Evolution of the SUV
During the Second World War all the belligerents developed light combat vehicles for reconnaissance and to quickly move small groups of soldiers over rough ground to areas of conflict.
The Germans, French, Russians, Japanese, British and Americans all made a number of models. The most successful by far was the American Willys Jeep first made in 1941 that served in almost every theatre of war. Though 647,000 units were manufactured, a huge number of cheap post-war surplus vehicles were found to be very useful on farms in America, Britain, Australia, South Africa and elsewhere. It was also to become popular with macho young men who wanted a rugged low-cost car. The American Jeep and the larger British Land Rover soon became the most popular models.
When these cheap surplus vehicles were no longer available, most of the global automakers began producing a range of utility vehicles (UVs) with softer suspensions, better engines, more space, air-conditioning and more features for pleasure and comfort. Though they were more expensive they proved to be quite popular. Bigger models built on small truck platforms became known as Suburban Utility Vehicles that were actually the first SUVs. In 1999 BMW the luxury car maker attempted a bold fusion between such utility vehicles and a luxurious sporty saloon and launched their very successful X5 model that they called a Sports Activity Vehicle. It drove like a luxury sports car but had big wheels capable of taking it over bad roads. It appealed to the increasing number of rich sporty young consumers which in turn led to competition from the Audi Q7, Mercedes-Benz M-Class, Mitsubishi Pajero, Toyota Land Cruiser and others aiming for the same segment.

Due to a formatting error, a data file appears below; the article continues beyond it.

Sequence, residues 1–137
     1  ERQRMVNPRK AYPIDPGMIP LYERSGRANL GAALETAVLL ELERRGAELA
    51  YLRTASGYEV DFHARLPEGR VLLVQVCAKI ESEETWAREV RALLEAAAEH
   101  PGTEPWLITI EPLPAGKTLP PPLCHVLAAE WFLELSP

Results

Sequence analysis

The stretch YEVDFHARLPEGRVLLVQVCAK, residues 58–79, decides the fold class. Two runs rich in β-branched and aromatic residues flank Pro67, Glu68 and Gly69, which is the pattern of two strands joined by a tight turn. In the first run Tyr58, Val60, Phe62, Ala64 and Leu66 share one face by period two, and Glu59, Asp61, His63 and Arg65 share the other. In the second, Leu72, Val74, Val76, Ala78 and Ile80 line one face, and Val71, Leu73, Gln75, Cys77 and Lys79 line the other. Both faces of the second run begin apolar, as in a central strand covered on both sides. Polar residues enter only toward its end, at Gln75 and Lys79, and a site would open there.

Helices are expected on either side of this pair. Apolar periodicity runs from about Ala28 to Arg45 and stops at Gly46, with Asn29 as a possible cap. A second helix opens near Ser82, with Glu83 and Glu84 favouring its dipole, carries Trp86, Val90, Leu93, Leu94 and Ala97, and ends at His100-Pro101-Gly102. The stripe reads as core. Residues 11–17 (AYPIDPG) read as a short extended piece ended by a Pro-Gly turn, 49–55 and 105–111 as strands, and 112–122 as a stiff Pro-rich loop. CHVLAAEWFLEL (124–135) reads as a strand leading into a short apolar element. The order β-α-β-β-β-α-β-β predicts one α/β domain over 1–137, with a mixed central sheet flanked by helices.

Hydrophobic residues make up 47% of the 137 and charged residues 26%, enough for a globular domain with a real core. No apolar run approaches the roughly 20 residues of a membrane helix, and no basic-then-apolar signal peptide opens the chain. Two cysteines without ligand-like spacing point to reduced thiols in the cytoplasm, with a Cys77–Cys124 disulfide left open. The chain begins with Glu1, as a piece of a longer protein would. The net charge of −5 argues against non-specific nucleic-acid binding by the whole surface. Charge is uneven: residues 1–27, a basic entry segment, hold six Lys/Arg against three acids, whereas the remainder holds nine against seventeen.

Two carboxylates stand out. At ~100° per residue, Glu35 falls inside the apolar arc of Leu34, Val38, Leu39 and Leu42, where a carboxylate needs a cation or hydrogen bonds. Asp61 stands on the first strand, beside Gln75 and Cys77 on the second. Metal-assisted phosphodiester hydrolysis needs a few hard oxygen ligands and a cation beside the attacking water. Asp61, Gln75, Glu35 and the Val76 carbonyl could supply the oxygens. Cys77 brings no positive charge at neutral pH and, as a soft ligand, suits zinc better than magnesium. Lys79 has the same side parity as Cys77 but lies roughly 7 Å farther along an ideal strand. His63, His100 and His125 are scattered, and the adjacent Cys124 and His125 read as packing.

Stiff global competition made the automakers look for areas to further widen their markets. After the Gulf War, the huge Hummer gained a large following for a short while. However this vehicle, designed to operate on the open deserts of Iraq, was impractical for the increasingly crowded city streets, and so the trend soon moved to smaller vehicles. The carmakers however understood that most SUV buyers rarely used their expensive vehicles for really rough terrain, but rather liked its masculine ‘macho’ look more than its off-the-road capabilities. This macho look managed to attract many women buyers as well. Fiat’s small Panda and Toyota’s Terios did very well for several years and the SUV look began to quickly appear on a large number of smaller platforms and models like the Hyundai Creta or Ford EcoSport, bringing the SUV flavour to a car that was otherwise a much more affordable executive saloon.
Toyota had been very successful with UVs like the Innova and Qualis before it introduced a bigger and more expensive SUV, the Fortuner, that was also a hit. India’s Mahindra & Mahindra, who had been a major supplier of jeep like UVs to the army and police, made the Scorpio SUV followed by models like Xylo, Quanto, Bolero, KUV and TUV that were successful because they were practical and affordable.
Then the `crossover’ label appeared with an SUV look imposed on still smaller and cheaper cars that had no ambition to be a utility vehicle of any kind. Renault led the pack with the popular Duster and the very small Kwid. The Maruti S-Cross, Tata Safari and Hexa and Honda WRV also successfully exploited the trend.
—The author is the region’s most celebrated automobile columnist